The paper pregnancy, as it's called, is tiring, comprehensive, painful, scary, intimidating. It's all kinds of emotional things to the people who go through it. And it often takes longer than nine months. And the joyful day when they receive the photo of their child, and mull over their beauty as they head out for some wine and dinner to celebrate, has been recounted to me more than a dozen times already. They talk about how much work it all is, and how sure they have to be that they want to become parents before anyone signs off on their dossier. Oh, bring it on, I think. I know how much I want kids. This is honestly what is going through my head when I hear the tales of social workers and county clerks and government officials and notaries public. And those moments, in China, when they meet their children, are my favorite. How extraordinary that you walk into a room and suddenly, you are a parent. I know I want children, absolutely and unwaveringly, and I know I want to go through all this. It is exhilarating to think about beginning this whole process.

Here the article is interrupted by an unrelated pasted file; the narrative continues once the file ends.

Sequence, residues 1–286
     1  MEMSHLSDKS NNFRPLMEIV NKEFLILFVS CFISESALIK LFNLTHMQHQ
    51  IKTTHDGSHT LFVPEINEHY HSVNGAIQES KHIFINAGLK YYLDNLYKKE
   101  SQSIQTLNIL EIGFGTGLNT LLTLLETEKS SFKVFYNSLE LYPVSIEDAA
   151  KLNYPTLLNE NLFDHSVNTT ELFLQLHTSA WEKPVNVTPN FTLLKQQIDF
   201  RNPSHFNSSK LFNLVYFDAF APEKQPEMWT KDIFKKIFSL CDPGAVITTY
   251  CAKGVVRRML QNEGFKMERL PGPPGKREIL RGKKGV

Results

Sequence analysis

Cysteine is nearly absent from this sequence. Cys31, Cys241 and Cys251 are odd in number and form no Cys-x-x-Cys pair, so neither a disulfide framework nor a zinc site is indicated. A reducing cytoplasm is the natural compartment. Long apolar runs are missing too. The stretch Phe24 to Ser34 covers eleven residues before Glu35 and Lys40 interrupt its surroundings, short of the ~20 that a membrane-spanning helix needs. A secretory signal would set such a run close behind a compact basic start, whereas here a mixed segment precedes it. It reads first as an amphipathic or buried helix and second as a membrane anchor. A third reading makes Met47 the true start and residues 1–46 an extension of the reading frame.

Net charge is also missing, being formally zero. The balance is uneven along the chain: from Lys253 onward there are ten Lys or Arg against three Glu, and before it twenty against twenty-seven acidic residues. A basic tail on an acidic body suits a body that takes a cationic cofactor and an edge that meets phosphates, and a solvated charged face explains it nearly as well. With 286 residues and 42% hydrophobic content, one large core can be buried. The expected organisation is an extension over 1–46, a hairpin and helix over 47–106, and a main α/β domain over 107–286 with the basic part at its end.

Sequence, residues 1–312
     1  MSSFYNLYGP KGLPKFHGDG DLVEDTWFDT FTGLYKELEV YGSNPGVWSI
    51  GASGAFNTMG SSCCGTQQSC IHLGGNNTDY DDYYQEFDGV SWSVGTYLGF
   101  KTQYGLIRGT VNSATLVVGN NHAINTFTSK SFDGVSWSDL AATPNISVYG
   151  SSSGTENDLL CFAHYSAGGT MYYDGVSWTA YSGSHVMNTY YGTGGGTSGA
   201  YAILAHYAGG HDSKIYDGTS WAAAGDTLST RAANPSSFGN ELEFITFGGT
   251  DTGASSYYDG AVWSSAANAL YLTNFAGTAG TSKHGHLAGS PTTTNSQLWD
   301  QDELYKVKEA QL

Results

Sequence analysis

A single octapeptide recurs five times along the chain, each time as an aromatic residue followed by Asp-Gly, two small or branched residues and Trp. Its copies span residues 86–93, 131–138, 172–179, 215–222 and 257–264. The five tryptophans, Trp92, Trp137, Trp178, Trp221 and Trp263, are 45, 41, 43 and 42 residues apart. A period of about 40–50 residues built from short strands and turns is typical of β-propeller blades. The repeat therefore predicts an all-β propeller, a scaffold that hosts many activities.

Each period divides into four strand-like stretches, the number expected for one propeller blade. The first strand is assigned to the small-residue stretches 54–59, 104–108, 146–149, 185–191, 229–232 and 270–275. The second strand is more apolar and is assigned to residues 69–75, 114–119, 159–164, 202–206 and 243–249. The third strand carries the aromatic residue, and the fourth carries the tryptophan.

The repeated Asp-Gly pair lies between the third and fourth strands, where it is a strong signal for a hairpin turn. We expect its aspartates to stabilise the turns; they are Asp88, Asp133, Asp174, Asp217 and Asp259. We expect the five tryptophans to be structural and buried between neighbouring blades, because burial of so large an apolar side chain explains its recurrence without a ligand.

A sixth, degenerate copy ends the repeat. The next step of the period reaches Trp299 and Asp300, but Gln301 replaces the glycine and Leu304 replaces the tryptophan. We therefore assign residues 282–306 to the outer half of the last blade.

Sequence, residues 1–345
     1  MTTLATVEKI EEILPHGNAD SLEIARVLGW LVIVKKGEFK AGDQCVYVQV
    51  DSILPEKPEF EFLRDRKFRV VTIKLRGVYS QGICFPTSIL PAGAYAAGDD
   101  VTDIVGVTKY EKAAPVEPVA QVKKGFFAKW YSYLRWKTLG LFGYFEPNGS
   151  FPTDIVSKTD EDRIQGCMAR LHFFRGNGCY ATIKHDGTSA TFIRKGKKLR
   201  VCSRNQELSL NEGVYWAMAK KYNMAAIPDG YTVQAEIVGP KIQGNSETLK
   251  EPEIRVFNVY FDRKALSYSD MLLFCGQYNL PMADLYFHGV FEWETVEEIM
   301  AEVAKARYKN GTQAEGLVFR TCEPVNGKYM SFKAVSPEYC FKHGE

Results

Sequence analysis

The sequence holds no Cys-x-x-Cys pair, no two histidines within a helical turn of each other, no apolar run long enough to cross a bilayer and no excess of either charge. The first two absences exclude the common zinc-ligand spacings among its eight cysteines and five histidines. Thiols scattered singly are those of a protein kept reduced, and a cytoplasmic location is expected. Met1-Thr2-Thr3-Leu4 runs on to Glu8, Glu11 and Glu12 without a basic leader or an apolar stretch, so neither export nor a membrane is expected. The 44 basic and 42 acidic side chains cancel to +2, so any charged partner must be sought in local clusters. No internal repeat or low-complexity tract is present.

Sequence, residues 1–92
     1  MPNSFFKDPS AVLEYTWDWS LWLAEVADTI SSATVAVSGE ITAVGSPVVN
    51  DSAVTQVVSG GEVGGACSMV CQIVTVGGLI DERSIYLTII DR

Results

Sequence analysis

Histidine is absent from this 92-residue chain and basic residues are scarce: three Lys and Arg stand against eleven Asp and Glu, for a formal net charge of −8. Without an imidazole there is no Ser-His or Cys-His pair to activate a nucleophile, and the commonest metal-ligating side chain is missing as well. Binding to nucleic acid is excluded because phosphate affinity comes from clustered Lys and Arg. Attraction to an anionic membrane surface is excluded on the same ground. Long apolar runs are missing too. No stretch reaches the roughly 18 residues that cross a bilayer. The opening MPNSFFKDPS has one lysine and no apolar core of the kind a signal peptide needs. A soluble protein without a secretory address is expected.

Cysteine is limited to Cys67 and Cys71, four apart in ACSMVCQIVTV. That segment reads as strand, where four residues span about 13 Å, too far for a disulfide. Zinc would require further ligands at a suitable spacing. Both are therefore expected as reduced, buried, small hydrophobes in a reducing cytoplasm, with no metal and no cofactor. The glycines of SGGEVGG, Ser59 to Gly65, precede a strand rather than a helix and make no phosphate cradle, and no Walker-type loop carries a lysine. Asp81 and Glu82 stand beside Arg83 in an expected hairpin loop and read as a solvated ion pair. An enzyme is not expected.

I know I want kids. I know the way I want to have them is not the "normal" way. I've also explored more about myself, through the work on my graduate capstone project, and how I feel about pregnancy, children, motherhood, infertility, childrearing practices and theories. We're each individuals on this planet, with our own approaches and theories on every thing we do. And for my kids, they will have lives beyond the years they spend with me, and lives before I will have known them, too. My children will not be mine to "have," but will be little bundles of potential--good and bad, yes--for me to explore the world with, once we meet.

I love imagining where and when we will meet one another. Who will those little people be? Not of my blood, but of my heart.

Sneak peek: Dublin loft living